The view that is expressed on human dignity was especially helpful. “To deny human dignity…is to kick against Christ himself…  When we care for the vulnerable–the unborn, the aged, the poor, the diseased, the disabled, the abused, the orphaned–such is not ‘charity.’  These are not ‘the disadvantaged,’ at least not in the long run.  These are the sorts of people God delights in exalting as the future rulers of the universe,” (p. 136).  From human-trafficking to race relations to abortion to the death penalty, Dr.Moore makes sound and emphatic arguments for how Christians are to respond.

His chapter on religious liberty goes straight to the heart of what he said at the SBC meeting.  He hits hard on the idea of the pretend-Christian, making the point that the countries in Europe that had state-churches are now so secular that one is scarce to find a Christian.  “A religion that needs state power to enforce obedience to its beliefs is a religion that has lost confidence in the power of its Deity” (p. 145).  He went on to hit us Christians on our persecution complex (though I don’t remember those words in the book).  “Not everything that offends us should offend us, and not everything that offends us is persecution,” (p. 151).  Yes!

Onward is a book that is filled with well-thought arguments and biblical truth.  Many who are in the “old guard” will probably not appreciate it, but I would ask them to humbly read it, if not to convince, at least to help them understand where men and women like Russell Moore are coming from.  The pendulum swung too far to one side over the last 60-70 years, in reaction to its being swung to the other side.  Dr. Moore is presenting a balanced, middle-pendulum approach to living in this secular world.  It is not about “keeping America Christian” but being Christ in America.  The Christian ought to be about the Kingdom of Christ more than America.  “We are Americans best when we are not Americans first,” (p. 160).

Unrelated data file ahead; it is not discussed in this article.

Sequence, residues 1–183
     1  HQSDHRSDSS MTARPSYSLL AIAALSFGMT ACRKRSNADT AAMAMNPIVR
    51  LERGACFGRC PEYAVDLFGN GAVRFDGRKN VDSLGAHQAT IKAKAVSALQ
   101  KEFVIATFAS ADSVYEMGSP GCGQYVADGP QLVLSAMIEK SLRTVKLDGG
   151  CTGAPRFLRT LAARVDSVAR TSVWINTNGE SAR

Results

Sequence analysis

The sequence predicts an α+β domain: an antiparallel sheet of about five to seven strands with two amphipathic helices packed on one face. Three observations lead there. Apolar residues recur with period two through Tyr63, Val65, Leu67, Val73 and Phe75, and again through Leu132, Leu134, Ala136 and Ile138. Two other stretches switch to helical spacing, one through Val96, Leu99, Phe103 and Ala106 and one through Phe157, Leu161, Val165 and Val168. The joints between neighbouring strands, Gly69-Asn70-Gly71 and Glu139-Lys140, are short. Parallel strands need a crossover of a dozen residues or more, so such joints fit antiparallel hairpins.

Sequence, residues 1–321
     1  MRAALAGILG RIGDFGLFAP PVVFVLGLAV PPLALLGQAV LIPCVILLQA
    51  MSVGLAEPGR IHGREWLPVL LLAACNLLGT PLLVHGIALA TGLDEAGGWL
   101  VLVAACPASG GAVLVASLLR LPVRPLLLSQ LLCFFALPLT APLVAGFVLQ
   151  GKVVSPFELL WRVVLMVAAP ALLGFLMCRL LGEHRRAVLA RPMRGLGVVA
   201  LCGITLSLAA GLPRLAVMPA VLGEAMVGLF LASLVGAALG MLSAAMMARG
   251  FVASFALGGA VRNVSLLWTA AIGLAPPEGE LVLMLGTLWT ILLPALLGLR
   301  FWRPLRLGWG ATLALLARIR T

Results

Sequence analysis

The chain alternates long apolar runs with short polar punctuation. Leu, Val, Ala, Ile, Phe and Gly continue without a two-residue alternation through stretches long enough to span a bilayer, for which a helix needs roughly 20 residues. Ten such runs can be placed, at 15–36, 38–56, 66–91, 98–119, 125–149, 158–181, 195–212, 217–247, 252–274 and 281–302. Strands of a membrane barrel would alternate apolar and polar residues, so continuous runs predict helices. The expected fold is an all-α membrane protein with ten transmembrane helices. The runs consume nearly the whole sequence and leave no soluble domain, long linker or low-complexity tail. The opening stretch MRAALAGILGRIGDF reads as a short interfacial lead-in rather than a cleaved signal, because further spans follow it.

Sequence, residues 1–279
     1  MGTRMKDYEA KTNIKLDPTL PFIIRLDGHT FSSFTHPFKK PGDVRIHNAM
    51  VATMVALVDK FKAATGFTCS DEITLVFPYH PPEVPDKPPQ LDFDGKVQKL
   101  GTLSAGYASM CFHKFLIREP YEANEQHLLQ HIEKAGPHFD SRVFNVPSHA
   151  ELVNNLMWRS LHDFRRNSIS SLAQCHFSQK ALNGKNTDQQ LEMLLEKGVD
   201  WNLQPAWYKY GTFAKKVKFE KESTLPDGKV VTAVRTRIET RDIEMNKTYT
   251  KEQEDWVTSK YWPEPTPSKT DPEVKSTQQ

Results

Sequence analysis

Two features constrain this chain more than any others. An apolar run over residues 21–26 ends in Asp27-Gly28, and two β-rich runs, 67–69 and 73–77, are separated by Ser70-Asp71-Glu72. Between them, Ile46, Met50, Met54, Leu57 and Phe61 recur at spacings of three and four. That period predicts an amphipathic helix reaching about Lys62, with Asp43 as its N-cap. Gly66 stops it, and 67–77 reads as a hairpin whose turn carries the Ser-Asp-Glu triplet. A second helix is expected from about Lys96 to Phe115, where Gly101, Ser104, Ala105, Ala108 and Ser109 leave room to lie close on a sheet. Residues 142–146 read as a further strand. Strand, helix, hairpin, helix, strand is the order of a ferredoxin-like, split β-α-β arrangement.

His chapter on family was thought-provoking and timely.  However, I do not believe that this chapter will be obsolete any time soon.  The issues of the family and how it relates to the world and to the church are spot on.  “Masculinity and femininity are not aspects of the fallen order to be overcome but are instead part of what God declared from the beginning to be ‘very good’ (Gen. 1:31),” (p. 167).    Moore rightly points to the roles of parents and children, the church and the need to use words that mean what we mean and not simply words that the culture uses.  Chastity more than abstinence.  Adultery rather than affair.  He confronts the church (and pastors!) on the old way of just joining two people together whether they should be joined together in marriage.  “Just because we don’t have two grooms or two brides in front of us, that doesn’t mean we’ve been holding to biblical marriage,” (p. 179).

There is so much more to this book than I can possibly write.  Please pick up a copy of Onward as soon as you can.  I have thoroughly enjoyed this book.  With the exception of a few typographical errors, it is well-written and articulated.  This is probably in my top 10 favorite books of all time (outside of the Bible).

As always, I’d love to read your comments, even if you disagree with me.  They will all be published as long as they are respectful.  If you like the review, please share it.